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Nixon Struggled With MIA Issue, Tapes Indicate

September 30, 1997| From Associated Press

WASHINGTON — Richard Nixon is heard agonizing in newly released tape recordings whether to tell families of missing American servicemen in Vietnam, " . . . it's over, we can't find them," or to raise hopes that some might still come home.

In the Oval Office conversation on April 11, 1973--11 weeks after the United States signed the Paris peace accords that ended American military involvement in Vietnam--Nixon coached Roger Shields, who was in charge of the Pentagon's prisoner-recovery operations, on what to tell the families of 1,359 Americans then listed as missing. He said Shields should write the families that the administration was doing all it could, "leaving no stone unturned, believe me, nothing, absolutely nothing."

On the other hand, Nixon confided, "I am in a [unintelligible] mood on that to say, 'Look, it's over now, it's over, we can't find them.' "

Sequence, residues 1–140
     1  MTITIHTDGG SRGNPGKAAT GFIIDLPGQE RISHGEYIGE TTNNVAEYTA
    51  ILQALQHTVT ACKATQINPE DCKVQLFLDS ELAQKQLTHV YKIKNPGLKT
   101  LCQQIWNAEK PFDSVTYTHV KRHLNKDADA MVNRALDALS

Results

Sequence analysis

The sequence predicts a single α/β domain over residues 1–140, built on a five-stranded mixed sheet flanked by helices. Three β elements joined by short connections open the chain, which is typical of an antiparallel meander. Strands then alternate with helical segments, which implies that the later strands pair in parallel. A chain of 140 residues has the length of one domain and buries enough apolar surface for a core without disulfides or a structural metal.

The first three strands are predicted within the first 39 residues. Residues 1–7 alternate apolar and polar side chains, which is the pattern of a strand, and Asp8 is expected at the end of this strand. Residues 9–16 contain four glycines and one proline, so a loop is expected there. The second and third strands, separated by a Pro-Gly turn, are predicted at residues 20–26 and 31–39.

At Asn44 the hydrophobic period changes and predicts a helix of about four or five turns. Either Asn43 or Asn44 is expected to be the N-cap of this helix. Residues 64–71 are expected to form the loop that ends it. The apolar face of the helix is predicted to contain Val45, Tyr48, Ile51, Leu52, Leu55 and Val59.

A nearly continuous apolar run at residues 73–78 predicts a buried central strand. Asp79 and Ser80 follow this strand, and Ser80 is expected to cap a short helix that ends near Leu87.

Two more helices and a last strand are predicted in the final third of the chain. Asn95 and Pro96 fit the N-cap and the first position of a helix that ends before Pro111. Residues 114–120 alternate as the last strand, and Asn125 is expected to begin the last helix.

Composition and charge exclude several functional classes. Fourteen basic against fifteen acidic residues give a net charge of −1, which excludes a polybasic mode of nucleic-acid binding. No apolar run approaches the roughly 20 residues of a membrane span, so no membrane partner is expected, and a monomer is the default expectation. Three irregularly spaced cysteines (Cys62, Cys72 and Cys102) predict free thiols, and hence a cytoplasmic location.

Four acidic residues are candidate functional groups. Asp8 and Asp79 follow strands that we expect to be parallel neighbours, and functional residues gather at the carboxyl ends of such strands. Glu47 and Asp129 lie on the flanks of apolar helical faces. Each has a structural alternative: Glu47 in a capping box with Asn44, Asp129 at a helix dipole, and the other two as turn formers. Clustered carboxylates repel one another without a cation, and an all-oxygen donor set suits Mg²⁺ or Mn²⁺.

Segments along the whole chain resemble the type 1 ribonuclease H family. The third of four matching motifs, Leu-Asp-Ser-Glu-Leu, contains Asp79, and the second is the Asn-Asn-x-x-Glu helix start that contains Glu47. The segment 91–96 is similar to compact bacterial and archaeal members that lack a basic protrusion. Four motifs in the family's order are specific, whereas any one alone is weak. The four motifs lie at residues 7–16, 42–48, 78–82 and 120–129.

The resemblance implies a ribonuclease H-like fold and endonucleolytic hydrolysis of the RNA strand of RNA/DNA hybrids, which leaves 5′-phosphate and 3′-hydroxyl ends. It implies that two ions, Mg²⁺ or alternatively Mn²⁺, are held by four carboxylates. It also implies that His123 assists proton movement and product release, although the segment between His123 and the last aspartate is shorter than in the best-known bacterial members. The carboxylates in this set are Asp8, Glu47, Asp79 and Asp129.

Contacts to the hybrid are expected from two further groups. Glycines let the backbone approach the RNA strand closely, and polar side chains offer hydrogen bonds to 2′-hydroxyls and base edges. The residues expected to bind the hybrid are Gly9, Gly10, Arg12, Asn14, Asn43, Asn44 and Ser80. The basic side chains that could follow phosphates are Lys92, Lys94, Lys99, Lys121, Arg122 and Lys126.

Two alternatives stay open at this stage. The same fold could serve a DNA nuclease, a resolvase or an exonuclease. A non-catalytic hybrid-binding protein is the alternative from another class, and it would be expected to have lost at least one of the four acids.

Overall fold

After Hanoi signed the Paris peace accords in January 1973, it released 591 American prisoners.

The agreement, permitting the withdrawal of American forces, provided "peace with honor," Nixon told the nation. But two years later, North Vietnam captured Saigon and the war ended with a communist victory.

The president's comments--on 43 minutes of White House tapes released by the National Archives--were ambiguous, sometimes unintelligible, erratic and subject to various interpretations.

The tapes were made public with the concurrence of the Nixon family estate, which has fought to keep secret all of the former president's thousands of hours of tapes.

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